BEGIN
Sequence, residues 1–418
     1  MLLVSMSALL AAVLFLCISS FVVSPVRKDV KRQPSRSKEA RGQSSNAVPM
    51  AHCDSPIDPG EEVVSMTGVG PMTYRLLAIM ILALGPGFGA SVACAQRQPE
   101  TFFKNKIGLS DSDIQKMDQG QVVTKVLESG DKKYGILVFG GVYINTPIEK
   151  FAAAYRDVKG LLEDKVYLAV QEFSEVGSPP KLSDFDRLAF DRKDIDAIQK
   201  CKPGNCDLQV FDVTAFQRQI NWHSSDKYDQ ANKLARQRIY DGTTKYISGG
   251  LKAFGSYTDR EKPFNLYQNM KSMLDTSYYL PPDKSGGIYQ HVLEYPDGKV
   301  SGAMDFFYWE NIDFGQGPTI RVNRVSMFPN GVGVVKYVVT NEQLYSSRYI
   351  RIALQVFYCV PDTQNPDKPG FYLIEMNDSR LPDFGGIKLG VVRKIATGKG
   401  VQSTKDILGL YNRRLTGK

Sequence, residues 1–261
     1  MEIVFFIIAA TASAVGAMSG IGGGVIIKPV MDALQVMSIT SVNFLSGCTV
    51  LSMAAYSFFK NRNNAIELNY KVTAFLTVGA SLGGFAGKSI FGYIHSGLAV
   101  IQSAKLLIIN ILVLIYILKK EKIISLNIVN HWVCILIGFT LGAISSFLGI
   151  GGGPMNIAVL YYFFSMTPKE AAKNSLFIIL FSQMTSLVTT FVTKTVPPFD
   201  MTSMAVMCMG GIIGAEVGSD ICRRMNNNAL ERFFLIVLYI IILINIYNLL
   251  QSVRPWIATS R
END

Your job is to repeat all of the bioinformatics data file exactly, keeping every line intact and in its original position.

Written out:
Sequence, residues 1–418
     1  MLLVSMSALL AAVLFLCISS FVVSPVRKDV KRQPSRSKEA RGQSSNAVPM
    51  AHCDSPIDPG EEVVSMTGVG PMTYRLLAIM ILALGPGFGA SVACAQRQPE
   101  TFFKNKIGLS DSDIQKMDQG QVVTKVLESG DKKYGILVFG GVYINTPIEK
   151  FAAAYRDVKG LLEDKVYLAV QEFSEVGSPP KLSDFDRLAF DRKDIDAIQK
   201  CKPGNCDLQV FDVTAFQRQI NWHSSDKYDQ ANKLARQRIY DGTTKYISGG
   251  LKAFGSYTDR EKPFNLYQNM KSMLDTSYYL PPDKSGGIYQ HVLEYPDGKV
   301  SGAMDFFYWE NIDFGQGPTI RVNRVSMFPN GVGVVKYVVT NEQLYSSRYI
   351  RIALQVFYCV PDTQNPDKPG FYLIEMNDSR LPDFGGIKLG VVRKIATGKG
   401  VQSTKDILGL YNRRLTGK

Sequence, residues 1–261
     1  MEIVFFIIAA TASAVGAMSG IGGGVIIKPV MDALQVMSIT SVNFLSGCTV
    51  LSMAAYSFFK NRNNAIELNY KVTAFLTVGA SLGGFAGKSI FGYIHSGLAV
   101  IQSAKLLIIN ILVLIYILKK EKIISLNIVN HWVCILIGFT LGAISSFLGI
   151  GGGPMNIAVL YYFFSMTPKE AAKNSLFIIL FSQMTSLVTT FVTKTVPPFD
   201  MTSMAVMCMG GIIGAEVGSD ICRRMNNNAL ERFFLIVLYI IILINIYNLL
   251  QSVRPWIATS R